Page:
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Conspiring Against Conspiracies
by Mad Dog


The big problem with conspiracy theories is that they assume a huge number of people can work together and keep their mouths shut, neither of which is usually the case. 
We all love a good conspiracy theory. It doesnít matter whether itís Lyndon Johnson, the Mafia, and the CIA conspiring to assassinate Kennedy ó or was that Martin Luther King they knocked off? ó or virtually everyone who works for the government refusing to let on that there are aliens stashed in a walk-in refrigerator in the Senate kitchen right next to a huge vat of bean soup, itís easy to find someone who believes so intensely that you know they consider The X-Files to be a reality TV show. And watch reruns over and over hoping the ending will change and the conspiracy will become known for the true fact it is.

   These are certainly prime times for conspiracies. The CIA plotted the 9/11 World Trade Center attack in order to boost the Presidentís popularity rating and give him an excuse to avenge ďthe guy who tried to kill my dad.Ē Bill Clinton still insists that a vast right-wing conspiracy was behind the attack on his west wing. And according to my friend Peter, the World Bank is behind both of those. And more. Much more.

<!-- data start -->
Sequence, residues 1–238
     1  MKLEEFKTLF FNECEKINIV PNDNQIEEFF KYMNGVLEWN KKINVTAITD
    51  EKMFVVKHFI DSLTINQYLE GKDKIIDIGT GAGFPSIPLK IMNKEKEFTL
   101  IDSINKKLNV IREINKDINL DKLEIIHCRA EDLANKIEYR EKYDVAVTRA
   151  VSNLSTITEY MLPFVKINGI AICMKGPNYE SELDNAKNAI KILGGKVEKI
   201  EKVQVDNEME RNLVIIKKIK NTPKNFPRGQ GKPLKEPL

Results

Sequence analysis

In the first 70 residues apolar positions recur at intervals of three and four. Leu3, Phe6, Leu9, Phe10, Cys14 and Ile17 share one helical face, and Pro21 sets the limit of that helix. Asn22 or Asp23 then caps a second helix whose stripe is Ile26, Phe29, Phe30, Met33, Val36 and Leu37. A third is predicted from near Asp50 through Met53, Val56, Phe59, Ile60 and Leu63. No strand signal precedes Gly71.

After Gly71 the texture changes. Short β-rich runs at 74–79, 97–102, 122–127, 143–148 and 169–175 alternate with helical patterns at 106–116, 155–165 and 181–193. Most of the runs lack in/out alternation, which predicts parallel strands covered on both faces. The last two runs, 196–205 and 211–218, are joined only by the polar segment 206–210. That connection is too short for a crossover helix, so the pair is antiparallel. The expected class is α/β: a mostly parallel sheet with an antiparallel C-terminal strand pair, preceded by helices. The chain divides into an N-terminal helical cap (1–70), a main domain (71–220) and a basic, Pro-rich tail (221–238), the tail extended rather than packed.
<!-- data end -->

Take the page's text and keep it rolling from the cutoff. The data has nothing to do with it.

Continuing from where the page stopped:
The big problem with conspiracy theories is that they assume a huge number of people can work together and keep their mouths shut, neither of which is usually the case. Tell someone a secret ó anyone ó and see how long it takes before you hear it from someone else. Your best friend can be sworn to secrecy, yet not be able to resist telling every person they run into that some nights you stay at home, put on a wig, and stand in front of the mirror imitating Cher while wearing only your underwear, but somehow you still manage to believe that the thousands of people it took to make it appear that we actually landed on the moon have been able to keep their collective mouths shut for the past 30 years. Hah!


The second problem is that the truth behind conspiracies are known by only a few chosen people, which isnít to be confused with the Chosen People, who everyone knows own all the banks. Or at least thatís the theory. 
   This doesnít mean conspiracies arenít happening, it just means there canít be many people behind them. Thatís right, theyíre all being perpetrated by the same small group of people. Thus we have the Grand Unified Conspiracy Theory, which is much like the theory of a similar name that physicists keep trying to cobble together, a feat that isnít being made any easier by Stephen Hawking changing his mind on key issues such as whether black holes come in different colors so you can wear them after Easter and before Labor Day without the neighbors laughing at you.